No Knead Overnight Artisan Loaf

Ingredients:

• 2 cups warm (not hot) water
• ¼ cup refreshed sourdough starter or ¼ tsp active dry yeast
• 6 cups all purpose einkorn flour or 7 ¼ cups whole grain einkorn flour plus more for dusting
• 1½ tsp sea salt

Directions

1. In a large bowl, mix together the water, sourdough starter and yeast until creamy. Add the flour and salt, and mix until all the water is absorbed and you have a sticky dough. Cover with plastic wrap or ceramic dish and let rise in a warm place for 10-15 hours or until doubled in size.

2. Generously flour a work surface, turn dough out onto it and form into a loaf.

3. Put loaf seam side up into a heavily floured, linen couche lined colander or heavily floured proofing basket, cover with clean dry towel and let proof at room temperature for 30 minutes

4. Place a dutch oven with the lid on in the oven. Preheat oven to 500 degrees Fahrenheit for 30 minutes.

5. Remove the pot from oven and take off the lid. Invert loaf and place it in the pot seam side down. Cover and place in the oven.

6. Reduce the temperature to 450 degrees and bake for 40 minutes. If you like a darker loaf, take off the lid and bake for an additional 5 minutes.

7. Remove loaf from pot, place on wire rack and let cool for at least 2 hours before slicing (by far the hardest part of this recipe).

You can store by wrapping in a clean kitchen towel on the countertop for up to three days or you can freeze in a sealed plastic bag for up to a month.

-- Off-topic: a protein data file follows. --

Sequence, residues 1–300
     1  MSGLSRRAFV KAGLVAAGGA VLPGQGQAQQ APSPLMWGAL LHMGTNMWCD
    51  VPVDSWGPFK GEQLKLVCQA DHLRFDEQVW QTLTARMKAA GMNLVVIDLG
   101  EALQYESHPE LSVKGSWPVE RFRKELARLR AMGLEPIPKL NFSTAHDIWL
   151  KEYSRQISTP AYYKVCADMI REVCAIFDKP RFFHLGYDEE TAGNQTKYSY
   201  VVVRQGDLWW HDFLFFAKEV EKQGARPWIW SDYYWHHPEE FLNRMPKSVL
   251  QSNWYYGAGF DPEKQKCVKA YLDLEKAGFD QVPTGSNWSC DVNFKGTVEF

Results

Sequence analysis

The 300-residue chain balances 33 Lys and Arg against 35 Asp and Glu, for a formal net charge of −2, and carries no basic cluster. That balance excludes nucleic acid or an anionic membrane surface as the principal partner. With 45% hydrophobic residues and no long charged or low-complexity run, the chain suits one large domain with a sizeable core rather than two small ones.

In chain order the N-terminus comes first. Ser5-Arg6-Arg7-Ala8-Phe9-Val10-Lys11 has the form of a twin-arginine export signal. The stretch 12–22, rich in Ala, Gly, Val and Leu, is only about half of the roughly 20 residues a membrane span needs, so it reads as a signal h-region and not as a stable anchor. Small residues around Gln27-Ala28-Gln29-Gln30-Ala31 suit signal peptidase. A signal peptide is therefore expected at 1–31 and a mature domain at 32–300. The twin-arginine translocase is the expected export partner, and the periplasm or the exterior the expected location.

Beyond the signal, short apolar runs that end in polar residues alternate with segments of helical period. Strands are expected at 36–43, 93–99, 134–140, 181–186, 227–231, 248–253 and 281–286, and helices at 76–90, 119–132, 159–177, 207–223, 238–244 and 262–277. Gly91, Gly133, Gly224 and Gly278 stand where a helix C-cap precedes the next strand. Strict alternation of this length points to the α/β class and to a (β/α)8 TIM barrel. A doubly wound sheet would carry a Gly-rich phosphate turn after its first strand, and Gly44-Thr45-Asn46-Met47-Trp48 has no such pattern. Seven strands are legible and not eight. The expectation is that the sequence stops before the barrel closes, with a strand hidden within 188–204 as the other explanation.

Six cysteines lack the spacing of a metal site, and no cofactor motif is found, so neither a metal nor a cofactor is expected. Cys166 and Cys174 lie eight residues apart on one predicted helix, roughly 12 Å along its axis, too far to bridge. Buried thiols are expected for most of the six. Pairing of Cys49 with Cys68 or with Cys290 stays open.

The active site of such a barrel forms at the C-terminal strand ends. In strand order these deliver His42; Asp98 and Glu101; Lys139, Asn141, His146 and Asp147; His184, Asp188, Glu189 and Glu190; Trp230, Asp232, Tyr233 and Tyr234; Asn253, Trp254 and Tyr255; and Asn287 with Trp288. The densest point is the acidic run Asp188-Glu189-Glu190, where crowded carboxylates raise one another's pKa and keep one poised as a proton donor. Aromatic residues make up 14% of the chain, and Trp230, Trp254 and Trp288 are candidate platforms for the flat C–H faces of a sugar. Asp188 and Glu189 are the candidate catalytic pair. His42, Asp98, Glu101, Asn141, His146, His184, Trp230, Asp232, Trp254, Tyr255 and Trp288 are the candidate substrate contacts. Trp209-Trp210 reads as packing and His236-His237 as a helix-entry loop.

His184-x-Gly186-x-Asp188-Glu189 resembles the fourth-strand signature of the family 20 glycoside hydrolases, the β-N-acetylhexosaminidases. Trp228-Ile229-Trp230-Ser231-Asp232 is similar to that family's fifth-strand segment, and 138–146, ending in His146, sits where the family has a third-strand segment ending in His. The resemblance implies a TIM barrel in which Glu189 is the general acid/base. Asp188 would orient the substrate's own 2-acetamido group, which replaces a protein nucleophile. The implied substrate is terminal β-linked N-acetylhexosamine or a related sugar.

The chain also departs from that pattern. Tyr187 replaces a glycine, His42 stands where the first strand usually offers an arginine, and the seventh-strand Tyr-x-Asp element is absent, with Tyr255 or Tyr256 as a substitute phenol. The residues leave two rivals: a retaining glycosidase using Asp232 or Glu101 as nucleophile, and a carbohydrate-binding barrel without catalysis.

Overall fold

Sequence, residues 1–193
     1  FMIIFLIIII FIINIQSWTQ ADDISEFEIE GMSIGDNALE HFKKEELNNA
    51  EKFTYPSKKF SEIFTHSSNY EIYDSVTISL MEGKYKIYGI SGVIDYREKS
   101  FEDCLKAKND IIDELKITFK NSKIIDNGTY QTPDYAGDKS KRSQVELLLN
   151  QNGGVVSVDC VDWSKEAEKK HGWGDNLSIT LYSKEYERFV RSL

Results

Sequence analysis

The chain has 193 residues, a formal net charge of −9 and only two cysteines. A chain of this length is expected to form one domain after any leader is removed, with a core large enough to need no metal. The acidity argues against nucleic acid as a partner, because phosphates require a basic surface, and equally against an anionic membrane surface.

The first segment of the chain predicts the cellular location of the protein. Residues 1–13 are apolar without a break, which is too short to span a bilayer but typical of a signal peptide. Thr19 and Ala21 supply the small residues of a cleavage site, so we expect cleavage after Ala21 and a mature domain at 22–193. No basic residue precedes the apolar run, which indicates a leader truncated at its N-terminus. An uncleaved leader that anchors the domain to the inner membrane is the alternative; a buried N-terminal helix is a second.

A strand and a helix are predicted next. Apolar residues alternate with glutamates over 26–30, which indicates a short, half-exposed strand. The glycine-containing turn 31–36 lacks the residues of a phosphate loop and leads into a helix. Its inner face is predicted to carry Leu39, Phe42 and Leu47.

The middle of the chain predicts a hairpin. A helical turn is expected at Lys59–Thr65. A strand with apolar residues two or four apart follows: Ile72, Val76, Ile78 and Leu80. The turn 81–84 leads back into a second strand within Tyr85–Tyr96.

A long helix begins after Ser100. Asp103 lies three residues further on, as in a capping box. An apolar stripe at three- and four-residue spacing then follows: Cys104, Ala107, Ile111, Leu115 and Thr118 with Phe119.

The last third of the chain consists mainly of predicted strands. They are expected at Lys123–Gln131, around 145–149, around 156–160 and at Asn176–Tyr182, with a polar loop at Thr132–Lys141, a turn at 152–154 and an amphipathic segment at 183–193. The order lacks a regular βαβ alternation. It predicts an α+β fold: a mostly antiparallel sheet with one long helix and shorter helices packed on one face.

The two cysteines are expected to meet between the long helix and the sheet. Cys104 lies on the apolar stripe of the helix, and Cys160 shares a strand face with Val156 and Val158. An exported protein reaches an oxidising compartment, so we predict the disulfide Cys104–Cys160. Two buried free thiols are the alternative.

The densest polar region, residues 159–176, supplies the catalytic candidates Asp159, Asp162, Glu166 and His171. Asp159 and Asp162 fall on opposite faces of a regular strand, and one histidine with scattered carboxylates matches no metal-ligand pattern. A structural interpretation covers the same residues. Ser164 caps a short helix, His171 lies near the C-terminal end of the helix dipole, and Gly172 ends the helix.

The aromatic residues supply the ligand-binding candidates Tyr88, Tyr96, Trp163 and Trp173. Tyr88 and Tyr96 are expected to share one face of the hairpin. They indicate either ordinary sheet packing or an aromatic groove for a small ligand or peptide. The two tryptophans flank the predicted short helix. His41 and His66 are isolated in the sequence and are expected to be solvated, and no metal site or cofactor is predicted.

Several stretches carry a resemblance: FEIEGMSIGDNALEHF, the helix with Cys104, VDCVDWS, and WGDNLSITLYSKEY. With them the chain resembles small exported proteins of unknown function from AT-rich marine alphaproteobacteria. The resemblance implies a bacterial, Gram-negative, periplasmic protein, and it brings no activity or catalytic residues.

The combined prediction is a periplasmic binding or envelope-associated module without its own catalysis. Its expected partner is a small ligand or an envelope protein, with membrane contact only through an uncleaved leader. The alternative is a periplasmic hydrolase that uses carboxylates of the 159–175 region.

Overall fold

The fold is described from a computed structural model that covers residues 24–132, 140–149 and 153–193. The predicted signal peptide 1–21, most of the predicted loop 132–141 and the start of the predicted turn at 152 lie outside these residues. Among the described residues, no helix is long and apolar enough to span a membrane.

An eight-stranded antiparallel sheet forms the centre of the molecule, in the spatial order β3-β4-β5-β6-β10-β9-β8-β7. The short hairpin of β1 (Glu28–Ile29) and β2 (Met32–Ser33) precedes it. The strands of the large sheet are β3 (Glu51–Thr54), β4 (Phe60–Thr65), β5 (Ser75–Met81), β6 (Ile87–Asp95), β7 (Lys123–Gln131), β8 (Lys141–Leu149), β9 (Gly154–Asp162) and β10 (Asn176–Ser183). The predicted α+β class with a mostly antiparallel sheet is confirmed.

If you’re interested in trying einkorn but don’t know where to purchase it, you can find it available at Jovialfoods.com. I buy all of my einkorn from Jovial Foods because I find that they sustainably produce a wonderful, quality product at an excellent price. Carla Bartolucci, the owner of Jovial Foods also wrote an excellent cookbook full of great recipes, tips and information about einkorn. If you’re interested in their cookbook Einkorn: Recipes for Nature’s Original Wheat, they have kindly extended a special offer to Mother Earth News readers for 25 percent off the cookbook, free shipping, plus a free 2-lb bag of all purpose or whole grain einkorn flour with the purchase of the cookbook. Just add the book and whichever flour you choose to the cart and use the coupon code FLOUR. I should also mention here that I have no affiliation with Jovial Foods other than being an enthusiastic, long time customer. Happy baking!

Lindsay Williamson is a mother to two beautiful boys, keeper of bees and backyard chickens, baker and fermentation enthusiast . She is the co-owner of Farmhouse BBQ–a BBQ pop up and catering company that specializes in 100% oak smoked, grass-fed brisket. She is also the homesteading instructor at Haywood Community College in Clyde NC. You can contact her via email at lindzwilliamson@gmail.com.


All MOTHER EARTH NEWS community bloggers have agreed to follow our Blogging Guidelines, and they are responsible for the accuracy of their posts. To learn more about the author of this post, click on their byline link at the top of the page.

 

When Choosing Organic Grocers, Trust MOM

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Mom's Newest Store

When I found out MOM’s Organic Market was opening in White Marsh, just 7 minutes from my home, I was thrilled. Over the last 7 years I have seen them grow from three stores to seventeen; quite a feat in the competitive grocery store world. Scott Nash started MOM’s in his mother’s garage at age 22 in 1987 before opening the first store in Rockville, Maryland. He has been making waves in the organic grocery world ever since.